Reviewed by Garret Rose
There has been debate about these famous words penned by William Shakespeare: “Men at some time are masters of their fates: The fault, dear Brutus, is not in our stars, But in ourselves, that we are underlings,” (Julius Caesar, 1.2.146). The debut novel Coincidence, by J. W. Ironmonger attempts to answer some of the biggest questions about fate and coincidence: Is there a first mover controlling our destiny or are we free to make our own decisions that decide our fate. Or, are we just particles moving around and bouncing off of each other randomly? While by the end of the book, these questions remain unanswered, the story of Azalea Ives is wound with aforementioned questions in an intriguing mystery filled with many layers of narratives that hook the reader.
Azalea has a rare family history; her birth mother and first adaptive mother died on the same day, June 21st, ten years apart. As she begins to uncover more about her family’s history, there are more coincidental incidents that make her feel that she will reach the same fate and meet her death on the midsummer’s day. Thomas Post, who always has felt that he has all of the answers on coincidence, begins to have everything he thought he knew challenged when he and Azalea meet in unusual circumstances. As the book comes to its apex, Thomas’ world turns upside down after he falls in love with Azalea. Will fate deal him a cruel hand and keep him and Azalea apart?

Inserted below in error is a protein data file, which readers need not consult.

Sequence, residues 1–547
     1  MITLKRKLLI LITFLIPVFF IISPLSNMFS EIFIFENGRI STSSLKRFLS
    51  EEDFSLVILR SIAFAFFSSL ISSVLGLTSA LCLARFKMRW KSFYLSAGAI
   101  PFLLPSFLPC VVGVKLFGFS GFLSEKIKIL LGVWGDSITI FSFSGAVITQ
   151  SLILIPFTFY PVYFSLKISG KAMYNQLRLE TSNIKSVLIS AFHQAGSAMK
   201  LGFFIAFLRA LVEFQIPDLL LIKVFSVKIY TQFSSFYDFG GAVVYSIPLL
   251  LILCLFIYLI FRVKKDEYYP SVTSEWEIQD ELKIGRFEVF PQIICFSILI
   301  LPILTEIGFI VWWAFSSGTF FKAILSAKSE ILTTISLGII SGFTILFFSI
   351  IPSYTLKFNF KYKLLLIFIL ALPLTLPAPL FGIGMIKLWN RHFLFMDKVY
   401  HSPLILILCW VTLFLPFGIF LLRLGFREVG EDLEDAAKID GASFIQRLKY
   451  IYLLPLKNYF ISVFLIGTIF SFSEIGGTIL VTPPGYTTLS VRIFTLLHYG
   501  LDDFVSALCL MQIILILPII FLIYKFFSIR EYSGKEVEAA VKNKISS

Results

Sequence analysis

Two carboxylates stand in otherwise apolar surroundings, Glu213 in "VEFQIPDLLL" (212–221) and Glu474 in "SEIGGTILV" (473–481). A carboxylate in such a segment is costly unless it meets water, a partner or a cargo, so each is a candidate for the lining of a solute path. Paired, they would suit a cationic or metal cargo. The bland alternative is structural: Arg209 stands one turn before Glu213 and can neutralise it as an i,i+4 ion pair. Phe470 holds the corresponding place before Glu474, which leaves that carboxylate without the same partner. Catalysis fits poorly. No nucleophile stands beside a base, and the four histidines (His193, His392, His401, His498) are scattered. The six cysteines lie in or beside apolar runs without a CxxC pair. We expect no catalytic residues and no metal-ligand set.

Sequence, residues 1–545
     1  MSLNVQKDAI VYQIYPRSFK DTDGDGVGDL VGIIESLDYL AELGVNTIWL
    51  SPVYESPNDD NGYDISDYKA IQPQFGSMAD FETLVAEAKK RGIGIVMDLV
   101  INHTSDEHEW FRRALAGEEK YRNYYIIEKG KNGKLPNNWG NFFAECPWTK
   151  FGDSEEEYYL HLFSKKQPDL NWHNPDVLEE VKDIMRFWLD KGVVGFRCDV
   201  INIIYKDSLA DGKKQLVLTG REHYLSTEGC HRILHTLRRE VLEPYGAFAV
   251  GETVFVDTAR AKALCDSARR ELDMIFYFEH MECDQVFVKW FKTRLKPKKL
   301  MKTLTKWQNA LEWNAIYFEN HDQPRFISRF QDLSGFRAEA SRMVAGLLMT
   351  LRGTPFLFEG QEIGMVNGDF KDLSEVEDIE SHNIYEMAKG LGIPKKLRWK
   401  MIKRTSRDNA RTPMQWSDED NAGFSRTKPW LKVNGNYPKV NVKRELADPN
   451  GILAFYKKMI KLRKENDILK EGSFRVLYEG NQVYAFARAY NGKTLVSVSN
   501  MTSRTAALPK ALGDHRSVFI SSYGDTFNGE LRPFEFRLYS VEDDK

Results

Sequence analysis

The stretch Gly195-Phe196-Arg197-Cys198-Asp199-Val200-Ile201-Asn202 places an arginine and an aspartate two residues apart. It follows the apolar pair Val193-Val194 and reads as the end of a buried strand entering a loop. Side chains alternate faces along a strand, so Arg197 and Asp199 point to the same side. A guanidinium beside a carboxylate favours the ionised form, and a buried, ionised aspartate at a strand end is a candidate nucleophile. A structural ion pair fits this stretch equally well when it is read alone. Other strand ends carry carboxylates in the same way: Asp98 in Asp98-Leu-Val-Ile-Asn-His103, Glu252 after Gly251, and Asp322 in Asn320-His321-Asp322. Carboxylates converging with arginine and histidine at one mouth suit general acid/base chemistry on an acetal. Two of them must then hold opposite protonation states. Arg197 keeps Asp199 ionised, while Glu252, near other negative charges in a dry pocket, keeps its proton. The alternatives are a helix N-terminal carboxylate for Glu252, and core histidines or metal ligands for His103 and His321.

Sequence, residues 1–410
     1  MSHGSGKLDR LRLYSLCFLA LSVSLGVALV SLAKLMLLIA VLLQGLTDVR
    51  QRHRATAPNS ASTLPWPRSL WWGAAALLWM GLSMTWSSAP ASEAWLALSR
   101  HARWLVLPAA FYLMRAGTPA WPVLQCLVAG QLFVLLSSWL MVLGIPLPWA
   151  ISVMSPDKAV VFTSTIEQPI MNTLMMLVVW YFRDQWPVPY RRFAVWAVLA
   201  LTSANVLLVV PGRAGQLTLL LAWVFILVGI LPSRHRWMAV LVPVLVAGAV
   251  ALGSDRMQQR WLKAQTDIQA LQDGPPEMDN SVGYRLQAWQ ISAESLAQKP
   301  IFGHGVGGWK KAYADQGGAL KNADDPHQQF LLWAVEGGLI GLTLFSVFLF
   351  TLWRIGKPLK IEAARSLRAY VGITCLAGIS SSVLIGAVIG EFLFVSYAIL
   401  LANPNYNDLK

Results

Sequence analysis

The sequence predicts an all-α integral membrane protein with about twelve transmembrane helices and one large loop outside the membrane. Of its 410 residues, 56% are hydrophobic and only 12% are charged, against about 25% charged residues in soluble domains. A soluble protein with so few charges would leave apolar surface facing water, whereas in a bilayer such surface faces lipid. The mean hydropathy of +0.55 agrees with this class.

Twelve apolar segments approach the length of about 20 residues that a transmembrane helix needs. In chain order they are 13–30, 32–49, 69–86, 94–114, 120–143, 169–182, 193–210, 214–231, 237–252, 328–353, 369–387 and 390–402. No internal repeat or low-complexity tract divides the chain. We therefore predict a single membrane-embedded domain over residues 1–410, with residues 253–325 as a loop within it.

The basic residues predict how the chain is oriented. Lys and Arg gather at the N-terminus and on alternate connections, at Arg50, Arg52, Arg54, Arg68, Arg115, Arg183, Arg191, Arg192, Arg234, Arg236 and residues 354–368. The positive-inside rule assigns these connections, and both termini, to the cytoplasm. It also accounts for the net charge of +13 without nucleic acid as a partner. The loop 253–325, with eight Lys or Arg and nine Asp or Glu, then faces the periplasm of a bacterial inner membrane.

At no point did this novel feel like a debut; the flow is seamless. Ironmonger weaves together many different elements in an efficient and engaging manner; from Azalea’s strange family history to Joseph Kony, the psychopathic child abductor and leader of the Lord’s Resistance Army; and never leaves the reader bored. Each chapter provides some answers to the mysteries of Azalea, and leaves the reader wanting to move onto the next chapter in this page-turning narrative. This would be an excellent read for fans of different genres because there is plenty of action, romance, suspense, intrigue, and even existentialism. Overall, I would rate this as a five out of five and look forward to more sophisticated works from Ironmonger!
Garret loves literature! He is creating the Vernal Journal for his students as well as anyone else that is interested in literature – be it fiction, non-fiction, poetry, drama, or even miscellaneous! Garret’s goal is to share, review and make connections to the world and each other.
Review copy was provided free of any obligation by Harper Perennial. No monetary or any other form of compensation was received.